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Pokémon Masters is great as a Pokémon game, slow as a mobile game

Pokémon Masters lacks quality-of-life features needed for a mobile RPG

The key art for Pokémon Masters The Pokémon Company
Julia Lee (she/her) is a guides producer, writing guides for games like The Legend of Zelda: Tears of the Kingdom and Genshin Impact. She helped launch the Rift Herald in 2016.

Pokémon Masters, the mobile game by DeNA and The Pokémon Company, is currently the best way to experience a familiar Pokémon battling experience on mobile devices that aren’t the Nintendo Switch. It falls flat in comparison to most mobile games, however.

Pokémon Masters uses the same formula as so many other mobile RPGs out there, like Fate/Grand Order or Granblue Fantasy, but with a Pokémon-themed twist. You have to use a premium currency to try to get the characters you want at random, you have to grind for materials to level up that unit, and then you have to grind for more materials to uncap the unit, or make it even stronger. Once you’ve completed a short list of story quests where you battle it out with familiar Pokémon trainers from throughout the franchise, there’s nothing left to do but grind and power up your teams.

The principle of grinding isn’t what makes the game pale in comparison to its Nintendo-run sister, Dragalia Lost. Pokémon Masters is slow and lacks common quality-of-life features. There’s no static menu at the bottom, meaning you have to hit a back button three or four times, then find the “team” button once you’re done grinding materials. There’s likewise no single button to feed a unit all the materials you have at once, meaning you have to keep hitting that plus button to feed it more.

The gameplay itself is simple enough. Each Sync Pair, which is a set unit comprising a trainer and a Pokémon, has four abilities. They’ll each start off with two, with the other two unlocked by, yes, grinding for materials. The abilities aren’t all Pokémon moves, however; some of them are trainers shouting or encouraging their ’mons, thus giving them a buff.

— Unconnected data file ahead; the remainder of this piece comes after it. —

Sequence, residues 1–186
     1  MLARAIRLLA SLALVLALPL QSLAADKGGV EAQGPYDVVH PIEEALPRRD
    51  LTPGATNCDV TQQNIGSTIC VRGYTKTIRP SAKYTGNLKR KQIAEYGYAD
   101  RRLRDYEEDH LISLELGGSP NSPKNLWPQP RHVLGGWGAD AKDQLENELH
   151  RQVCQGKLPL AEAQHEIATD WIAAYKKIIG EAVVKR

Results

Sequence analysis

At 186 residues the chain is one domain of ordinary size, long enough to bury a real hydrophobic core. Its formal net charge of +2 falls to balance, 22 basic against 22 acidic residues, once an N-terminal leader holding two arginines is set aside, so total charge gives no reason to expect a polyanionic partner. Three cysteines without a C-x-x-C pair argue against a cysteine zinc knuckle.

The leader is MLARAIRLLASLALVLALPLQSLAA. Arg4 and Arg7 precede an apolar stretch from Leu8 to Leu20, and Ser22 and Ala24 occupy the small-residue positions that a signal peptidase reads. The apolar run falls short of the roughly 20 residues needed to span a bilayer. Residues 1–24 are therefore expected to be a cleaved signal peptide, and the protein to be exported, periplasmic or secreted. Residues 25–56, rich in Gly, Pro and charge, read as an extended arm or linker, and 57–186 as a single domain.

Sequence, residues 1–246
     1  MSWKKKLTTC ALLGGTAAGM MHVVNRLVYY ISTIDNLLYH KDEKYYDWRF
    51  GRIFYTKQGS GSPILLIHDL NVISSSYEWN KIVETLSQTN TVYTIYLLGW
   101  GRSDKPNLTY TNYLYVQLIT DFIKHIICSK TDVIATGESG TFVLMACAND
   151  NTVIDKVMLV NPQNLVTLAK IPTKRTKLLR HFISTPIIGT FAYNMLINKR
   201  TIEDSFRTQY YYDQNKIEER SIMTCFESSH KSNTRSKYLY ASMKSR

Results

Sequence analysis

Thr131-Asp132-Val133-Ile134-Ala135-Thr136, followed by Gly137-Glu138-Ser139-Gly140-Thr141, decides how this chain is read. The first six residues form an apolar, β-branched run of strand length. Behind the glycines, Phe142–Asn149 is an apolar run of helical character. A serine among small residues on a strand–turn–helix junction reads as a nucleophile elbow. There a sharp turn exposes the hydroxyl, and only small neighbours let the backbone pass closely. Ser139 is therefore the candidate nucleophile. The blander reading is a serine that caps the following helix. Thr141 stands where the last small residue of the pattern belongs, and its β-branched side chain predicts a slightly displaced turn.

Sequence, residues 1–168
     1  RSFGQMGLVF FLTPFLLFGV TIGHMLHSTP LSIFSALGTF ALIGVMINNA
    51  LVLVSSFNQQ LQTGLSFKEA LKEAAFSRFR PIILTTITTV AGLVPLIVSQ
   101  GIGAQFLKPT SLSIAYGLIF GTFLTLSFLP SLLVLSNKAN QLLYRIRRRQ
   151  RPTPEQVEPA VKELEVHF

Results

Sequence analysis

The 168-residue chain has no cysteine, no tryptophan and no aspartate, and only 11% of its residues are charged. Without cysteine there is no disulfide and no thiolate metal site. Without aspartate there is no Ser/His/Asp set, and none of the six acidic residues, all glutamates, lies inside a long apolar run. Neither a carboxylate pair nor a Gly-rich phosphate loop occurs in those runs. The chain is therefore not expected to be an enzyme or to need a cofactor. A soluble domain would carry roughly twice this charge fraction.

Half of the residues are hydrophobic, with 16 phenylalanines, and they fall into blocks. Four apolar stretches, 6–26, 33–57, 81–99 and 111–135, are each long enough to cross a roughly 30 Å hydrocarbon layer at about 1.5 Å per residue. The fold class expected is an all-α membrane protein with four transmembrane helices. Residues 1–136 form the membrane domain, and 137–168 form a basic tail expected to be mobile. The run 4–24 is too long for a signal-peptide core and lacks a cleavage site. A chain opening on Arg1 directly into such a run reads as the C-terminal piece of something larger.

Players duke it out in three-on-three battles, and have to plan out what moves to use, as each move has a point cost that goes up over time.

Players can battle as much as they want, as there are no stamina limits in the game. If you want to beat the story in one day, you can. If you want to take your time and grind out materials to help you level up, you can do that forever, as well. You control the pace.

One of the best aspects of this game is how many beloved trainers from the series are included, especially characters that the more modern games may not have included. The game even features side characters like Marley and Noland, two characters from mainline games I was positive would never again show up in a game.

But getting those characters requires spending your premium currency on the random gacha mechanics. Each pull in the game costs 300 jewels, with bundles that let you pull 10 units at the press of a single button for 3,000 jewels. Unlike other games, there’s no benefit to doing these 10-pulls, as there’s no guaranteed high rarity unit or extra bonus unit for saving your jewels. Completing a story mission where you have to battle rewards 30 jewels, and completing a story mission that’s just a cutscene rewards 10. Completing events, which have you completing a short list of story missions and then grinding in co-op missions, seems to reward a good chunk of jewels, fortunately.

I have high hopes for Pokémon Masters, based on other mobile games that DeNA had a hand in, like Animal Crossing: Pocket Camp and Final Fantasy Record Keeper. Updates based on player feedback are bound to come soon, rounding out the feature set that feels lacking at the moment. It takes a while for these types of games to get fleshed out to be the rewarding and intense experience, and I’m willing to wait for my sweet, sweet Pokémon fan service.